NOTE: I wrote the original version of this column back in November of 2015. With some revisions, here’s a timely column on one of the nation’s premier fowls.
As Americans, we all have our holiday traditions. Personally, I will carve 30 minutes from my schedule to watch one of my favorite holiday sitcom episodes.
Not surprisingly, there’s an element linked to birds in the episode, which is often cited as one of the most ingenious sitcom episodes in the history of television. The episode is “Turkeys Away” from the first season of WKRP in Cincinnati, a sitcom that aired from 1978 to 1982 and revolved around the antics of the staff of a down-and-out radio station. The episode originally aired Oct. 30, 1978, early in the first season of the series. I especially like that every member of the ensemble cast was woven into the storyline for this classic Thanksgiving episode. The series is such a favorite I own all the seasons on DVD.
In the event that there are readers who haven’t seen the episode, I’ll try to avoid any blatant spoilers. The action involves a radio promotion that, in hindsight, was destined for disaster. The episode unfolds at the perfect pace, finally culminating in a hilarious series of scenes as the promotion backfires in spectacular fashion. I’ve memorized most of the lines of dialogue, but I still enjoy hearing them delivered by the talented actors Richard Sanders, Loni Anderson, Howard Hesseman and Gordon Jump. Hesseman passed away this year on Jan. 29 at age 81. Frank Bonner, the actor behind sleazy ad rep Herb Tarlek, died June 16, 2021, at age 79. Jump died Sept. 22, 2003, at age 71.
It’s Jump who gets the pivotal line with his perfectly delivered, “As God is my witness, I thought turkeys could fly!”
That classic line provides my segue into the subject of this week’s column, which is America’s wild turkey. I sometimes wonder if my favorite episode of WKRP, which aired 44 years ago, has had some influence in persuading many people that turkeys cannot fly. It’s a widely held misconception that the wild turkey cannot fly. The turkey is perfectly capable of flying at speeds up to 55 miles per hour, but they often prefer to walk and run over the ground. They’re good sprinters, in fact, and can reach a running speed of 25 miles per hour. Turkeys can even swim!
On the other hand, the domesticated barnyard turkey is a fowl of a completely different kind than its wild cousin. Although the wild turkey — the largest of North America’s game birds — can weigh as much as 37 pounds, it’s the domestic turkey that holds the record as a heavyweight. The largest domestic turkey on record tipped the scales at 86 pounds. That bird certainly could have provided an ample banquet for your Thanksgiving meal. Domestic turkeys are bred to be big, which means they are incapable of flight and are also poor runners. Of course, these domestic kin of wild turkeys don’t face a gauntlet of predators.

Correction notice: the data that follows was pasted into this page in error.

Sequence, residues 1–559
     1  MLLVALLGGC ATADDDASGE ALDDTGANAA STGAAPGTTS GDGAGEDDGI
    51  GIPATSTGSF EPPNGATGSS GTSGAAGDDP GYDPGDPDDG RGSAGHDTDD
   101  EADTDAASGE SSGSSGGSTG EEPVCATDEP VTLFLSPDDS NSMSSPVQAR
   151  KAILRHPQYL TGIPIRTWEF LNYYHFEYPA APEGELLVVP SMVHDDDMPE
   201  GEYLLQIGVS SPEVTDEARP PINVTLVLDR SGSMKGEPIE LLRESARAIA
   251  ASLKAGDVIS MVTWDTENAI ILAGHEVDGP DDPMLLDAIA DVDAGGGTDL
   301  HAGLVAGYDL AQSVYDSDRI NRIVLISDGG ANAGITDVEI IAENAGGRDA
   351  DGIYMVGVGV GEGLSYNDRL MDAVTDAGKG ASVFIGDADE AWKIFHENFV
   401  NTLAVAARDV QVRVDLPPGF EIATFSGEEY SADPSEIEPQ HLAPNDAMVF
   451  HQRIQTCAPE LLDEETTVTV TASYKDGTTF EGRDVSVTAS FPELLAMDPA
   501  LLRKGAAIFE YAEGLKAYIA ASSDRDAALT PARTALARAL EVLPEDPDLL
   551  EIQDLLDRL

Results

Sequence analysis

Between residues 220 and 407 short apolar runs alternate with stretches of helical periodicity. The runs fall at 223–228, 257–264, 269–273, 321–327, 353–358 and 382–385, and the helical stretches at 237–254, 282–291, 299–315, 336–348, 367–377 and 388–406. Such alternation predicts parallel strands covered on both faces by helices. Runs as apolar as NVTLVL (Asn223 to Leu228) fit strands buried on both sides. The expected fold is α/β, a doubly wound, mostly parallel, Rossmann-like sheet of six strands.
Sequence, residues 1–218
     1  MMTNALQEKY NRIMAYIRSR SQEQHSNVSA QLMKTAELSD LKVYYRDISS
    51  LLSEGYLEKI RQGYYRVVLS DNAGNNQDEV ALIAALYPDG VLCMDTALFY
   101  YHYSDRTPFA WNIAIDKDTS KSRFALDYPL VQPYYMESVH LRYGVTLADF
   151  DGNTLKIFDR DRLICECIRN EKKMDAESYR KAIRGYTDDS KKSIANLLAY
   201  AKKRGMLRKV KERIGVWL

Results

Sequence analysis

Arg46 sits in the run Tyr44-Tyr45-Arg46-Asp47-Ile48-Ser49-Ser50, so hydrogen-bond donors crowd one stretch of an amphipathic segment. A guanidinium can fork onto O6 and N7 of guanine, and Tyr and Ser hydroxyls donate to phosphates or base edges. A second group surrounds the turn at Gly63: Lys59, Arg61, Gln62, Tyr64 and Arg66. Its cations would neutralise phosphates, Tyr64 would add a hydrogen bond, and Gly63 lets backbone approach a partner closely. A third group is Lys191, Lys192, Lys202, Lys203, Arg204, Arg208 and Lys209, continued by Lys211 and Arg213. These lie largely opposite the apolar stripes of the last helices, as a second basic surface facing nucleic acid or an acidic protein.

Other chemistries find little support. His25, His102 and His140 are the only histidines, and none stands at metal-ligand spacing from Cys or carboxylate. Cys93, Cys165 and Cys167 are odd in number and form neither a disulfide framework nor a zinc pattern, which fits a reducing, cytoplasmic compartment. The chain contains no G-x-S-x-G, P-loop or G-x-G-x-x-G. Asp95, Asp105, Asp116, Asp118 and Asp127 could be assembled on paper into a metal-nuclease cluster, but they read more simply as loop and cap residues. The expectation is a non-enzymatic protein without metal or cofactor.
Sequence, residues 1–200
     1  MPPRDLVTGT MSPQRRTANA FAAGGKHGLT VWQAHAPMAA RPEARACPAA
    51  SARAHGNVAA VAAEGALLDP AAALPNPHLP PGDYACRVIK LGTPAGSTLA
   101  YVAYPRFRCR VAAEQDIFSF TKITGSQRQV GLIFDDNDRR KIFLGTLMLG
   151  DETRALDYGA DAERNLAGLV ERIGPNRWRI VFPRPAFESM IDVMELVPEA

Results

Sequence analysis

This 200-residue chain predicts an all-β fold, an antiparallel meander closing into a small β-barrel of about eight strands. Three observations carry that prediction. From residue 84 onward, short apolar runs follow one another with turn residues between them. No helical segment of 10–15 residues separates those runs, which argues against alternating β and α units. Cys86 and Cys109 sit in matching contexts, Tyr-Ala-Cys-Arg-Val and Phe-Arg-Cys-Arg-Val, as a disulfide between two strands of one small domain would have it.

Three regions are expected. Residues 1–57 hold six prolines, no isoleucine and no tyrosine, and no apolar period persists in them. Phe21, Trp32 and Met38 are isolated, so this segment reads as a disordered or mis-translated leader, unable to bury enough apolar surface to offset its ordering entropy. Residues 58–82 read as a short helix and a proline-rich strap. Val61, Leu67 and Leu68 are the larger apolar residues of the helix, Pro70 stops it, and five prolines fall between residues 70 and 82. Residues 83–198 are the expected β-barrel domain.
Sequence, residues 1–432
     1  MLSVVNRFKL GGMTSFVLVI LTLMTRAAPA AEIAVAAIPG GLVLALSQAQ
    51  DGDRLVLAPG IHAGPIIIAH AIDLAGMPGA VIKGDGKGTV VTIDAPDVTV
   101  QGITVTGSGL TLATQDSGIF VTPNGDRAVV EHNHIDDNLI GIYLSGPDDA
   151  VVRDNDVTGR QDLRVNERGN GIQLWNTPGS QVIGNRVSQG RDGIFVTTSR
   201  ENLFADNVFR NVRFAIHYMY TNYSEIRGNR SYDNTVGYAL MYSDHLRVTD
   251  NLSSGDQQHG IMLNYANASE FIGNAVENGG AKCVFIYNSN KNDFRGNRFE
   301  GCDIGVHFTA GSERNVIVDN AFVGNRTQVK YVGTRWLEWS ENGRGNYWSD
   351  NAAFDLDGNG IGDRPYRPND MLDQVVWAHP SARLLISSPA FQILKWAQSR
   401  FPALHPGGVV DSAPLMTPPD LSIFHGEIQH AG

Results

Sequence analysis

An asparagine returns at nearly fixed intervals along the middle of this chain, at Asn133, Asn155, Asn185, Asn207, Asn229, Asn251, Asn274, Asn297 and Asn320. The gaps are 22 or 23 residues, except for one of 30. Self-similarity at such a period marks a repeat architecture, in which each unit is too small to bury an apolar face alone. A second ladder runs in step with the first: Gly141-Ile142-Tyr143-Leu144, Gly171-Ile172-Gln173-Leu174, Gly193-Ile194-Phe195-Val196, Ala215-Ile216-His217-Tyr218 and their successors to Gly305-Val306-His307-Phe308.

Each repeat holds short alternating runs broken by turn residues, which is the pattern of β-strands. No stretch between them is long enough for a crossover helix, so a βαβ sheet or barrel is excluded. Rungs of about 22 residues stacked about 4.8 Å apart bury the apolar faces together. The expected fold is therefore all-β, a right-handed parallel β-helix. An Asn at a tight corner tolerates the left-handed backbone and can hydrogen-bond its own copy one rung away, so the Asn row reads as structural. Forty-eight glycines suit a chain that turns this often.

The wild turkey is a paradoxical fowl, fully capable of shifting from bravado to timidity to meet the situation. Strutting toms have no hesitancy about making themselves the center of attention when the reward is making a favorable impression on a bevy of hens. At other times, these same turkeys, both the performers and their audiences, adopt a more stealthy mode of life. Wild turkeys know that the world’s a dangerous place.
Wild turkeys face various perils at all points in their life cycles, from eggs to newly-hatched young to adult birds. Turkey eggs are a favorite food of such wild animals as raccoons, skunks, opossums and some snakes. Young turkeys, known as poults, are often the prey of domestic dogs and cats, a range of raptors, and other birds such as crows and ravens. Larger predators — bobcats, cougars, coyotes, foxes and eagles — prey on adult turkeys.
I remember the first time that I observed wild turkeys in flight. I was driving near Persimmon Ridge Park in Jonesborough, Tennessee, when about a dozen large, dark birds flew across the road just above the roof of my vehicle. I was definitely perplexed as my mind worked to figure out the identity of these birds. I had almost settled on vultures — although the flight pattern had been all wrong — when I saw that some of these flyers had landed in a field adjacent to the road. On the ground, they were easily recognized as wild turkeys.
The wild turkey’s scientific name is Meleagris gallopavo. The wild bird is exclusively resident in North America, but domesticated turkeys are now raised around the globe. The wild turkey has only one close relative, the ocellated turkey, or Meleagris ocellata, which ranges throughout the Yucatán Peninsula in Mexico as well as the northern parts of Belize and Guatemala. The extent of this fowl’s range is only about 50,000 square miles, while the wild turkey ranges throughout the United States, Canada and Mexico.
In addition to watching my Thanksgiving episode of “WKRP in Cincinnati” I may also take a drive to see if I can’t spy some wild turkeys in the countryside. If they take flight, that would be a bonus!
Update: I didn’t see any turkeys on Thanksgiving 2022, but three days later I had a flock of 14 wild turkeys visit the field next to my fish pond. I startled them and, no surprise here, they flew! Every member of the flock took flight and sailed across Simerly Creek Road and landed in a neighbor’s field.